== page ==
Bad weather forces SAD 61 to juggle schedule
By Wayne E. Rivet
Old Man Winter appears to be grumpy these days, dumping a mixed bag of weather onto the Lake Region, seemingly putting a long-awaited springtime on hold.
With reports calling for rain, sleet and a snowfall that could reach five inches, SAD 61 Superintendent of Schools Al Smith laid out Monday night how the district would respond during the school board’s meeting.
First off, Smith noted that since many SAD 61 roadways are dirt, many area road commissioners reported that they would hold off plowing, if they could, to preserve already soft and torn up travel ways.
Secondly, district officials were concerned about icy roads and the safety of many teen drivers.
Already over the limit as far as snow days, Smith looked for guidance as to how to make up time missed.
“We’ve received good feedback from parents regarding adding an hour onto the school day,” Smith said. “Although it has been hard on the little ones.”
Smith proposed to extend the day on Monday and Wednesday next week (April 10 and 12), and add an hour onto Tuesday, Wednesday and Thursday the first week following the spring break (April 25, 26, 27).
While some parents might think a longer day is better than using a Saturday as a makeup, LR senior Mallory Strain thinks differently. She and other students felt the longer day created focus issues, and some teachers seemed to run out of steam.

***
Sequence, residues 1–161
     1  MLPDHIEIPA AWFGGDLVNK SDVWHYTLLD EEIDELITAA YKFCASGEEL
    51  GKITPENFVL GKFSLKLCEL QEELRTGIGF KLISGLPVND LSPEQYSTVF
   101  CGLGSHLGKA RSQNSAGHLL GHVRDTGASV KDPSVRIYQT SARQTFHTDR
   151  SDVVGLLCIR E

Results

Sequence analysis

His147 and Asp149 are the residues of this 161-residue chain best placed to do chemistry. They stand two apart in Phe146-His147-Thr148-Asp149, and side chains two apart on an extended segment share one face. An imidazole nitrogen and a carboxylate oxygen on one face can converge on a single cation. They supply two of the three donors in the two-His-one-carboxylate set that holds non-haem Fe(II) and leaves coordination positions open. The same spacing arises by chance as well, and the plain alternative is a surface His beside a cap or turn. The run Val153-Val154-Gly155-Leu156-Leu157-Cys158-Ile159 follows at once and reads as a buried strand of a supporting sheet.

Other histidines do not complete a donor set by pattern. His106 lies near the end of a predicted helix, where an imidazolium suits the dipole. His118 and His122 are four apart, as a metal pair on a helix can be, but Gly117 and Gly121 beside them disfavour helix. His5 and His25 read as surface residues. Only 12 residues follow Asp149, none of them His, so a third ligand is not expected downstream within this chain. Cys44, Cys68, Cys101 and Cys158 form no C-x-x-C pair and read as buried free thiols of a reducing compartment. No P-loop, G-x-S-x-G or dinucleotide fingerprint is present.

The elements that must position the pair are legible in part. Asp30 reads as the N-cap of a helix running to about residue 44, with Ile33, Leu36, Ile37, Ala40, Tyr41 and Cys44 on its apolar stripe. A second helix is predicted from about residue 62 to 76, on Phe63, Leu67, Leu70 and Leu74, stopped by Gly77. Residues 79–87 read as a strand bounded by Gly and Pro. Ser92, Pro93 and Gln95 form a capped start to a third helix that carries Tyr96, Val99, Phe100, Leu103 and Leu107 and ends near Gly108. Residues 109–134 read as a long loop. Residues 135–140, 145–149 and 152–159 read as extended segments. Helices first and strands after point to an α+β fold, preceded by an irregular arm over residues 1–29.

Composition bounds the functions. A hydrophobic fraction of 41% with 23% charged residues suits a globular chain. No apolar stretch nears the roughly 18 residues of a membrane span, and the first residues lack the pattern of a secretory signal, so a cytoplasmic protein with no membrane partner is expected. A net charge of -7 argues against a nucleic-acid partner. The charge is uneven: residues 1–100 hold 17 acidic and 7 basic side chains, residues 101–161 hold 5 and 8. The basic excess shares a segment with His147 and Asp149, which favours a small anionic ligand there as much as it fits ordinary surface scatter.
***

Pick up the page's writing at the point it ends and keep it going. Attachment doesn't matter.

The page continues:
“They were really tired and stressed out,” Strain said. “As someone in the play, it didn’t work well. I would suggest not to do it again…Do what you have to do.”
Superintendent Smith sees finding a solution that works for everyone is difficult.
“It’s damn if you do and damn if you don’t,” he said.
Smith suggested at the high school level, the extra time could be used for students seeking help in certain subject areas, rather than extending classroom periods.
The school board went with the extended days suggested by the superintendent.
In other school board news:
Family first. For Dorothy “Nina” Stoddard, the decision to resign from the school board wasn’t an easy one.
But, as a single mother, it was the right decision for her and her family, Stoddard told fellow school board members Monday night. She cited that night meetings proved difficult.
“It was a hard decision, but a decision most parents would make,” she said.
Stoddard’s term was to expire in 2018. Bridgton Town Manager Bob Peabody said selectmen could seek out an individual who would fill out the final year of the term.
Bridgton has five members on the school board. Cindy LeBlanc’s term runs out this June. Other Bridgton representatives are Debra Albert, Karen Elder and Karla Swanson-Murphy.
Life-changing. For many students who participated in the Adaptive Ski Program at Shawnee Peak this winter, it was “life-changing.”
During a short video presentation to the school board, students made brief comments — “It made me feel very good,” “I was proud to participate” and “This experience made me feel good about myself because I learned to ski” — about the program as fun-filled pictures rolled across the computer screen.